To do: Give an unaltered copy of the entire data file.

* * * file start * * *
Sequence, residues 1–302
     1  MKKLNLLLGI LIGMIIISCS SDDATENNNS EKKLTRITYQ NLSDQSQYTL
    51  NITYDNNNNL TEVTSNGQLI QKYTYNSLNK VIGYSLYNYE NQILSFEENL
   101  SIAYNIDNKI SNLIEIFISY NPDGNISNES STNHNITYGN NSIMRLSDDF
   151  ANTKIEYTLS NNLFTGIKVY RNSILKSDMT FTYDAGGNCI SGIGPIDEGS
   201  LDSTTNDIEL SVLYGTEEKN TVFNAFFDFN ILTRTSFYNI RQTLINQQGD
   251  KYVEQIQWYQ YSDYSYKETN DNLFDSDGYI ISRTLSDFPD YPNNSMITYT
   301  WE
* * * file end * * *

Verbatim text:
Sequence, residues 1–302
     1  MKKLNLLLGI LIGMIIISCS SDDATENNNS EKKLTRITYQ NLSDQSQYTL
    51  NITYDNNNNL TEVTSNGQLI QKYTYNSLNK VIGYSLYNYE NQILSFEENL
   101  SIAYNIDNKI SNLIEIFISY NPDGNISNES STNHNITYGN NSIMRLSDDF
   151  ANTKIEYTLS NNLFTGIKVY RNSILKSDMT FTYDAGGNCI SGIGPIDEGS
   201  LDSTTNDIEL SVLYGTEEKN TVFNAFFDFN ILTRTSFYNI RQTLINQQGD
   251  KYVEQIQWYQ YSDYSYKETN DNLFDSDGYI ISRTLSDFPD YPNNSMITYT
   301  WE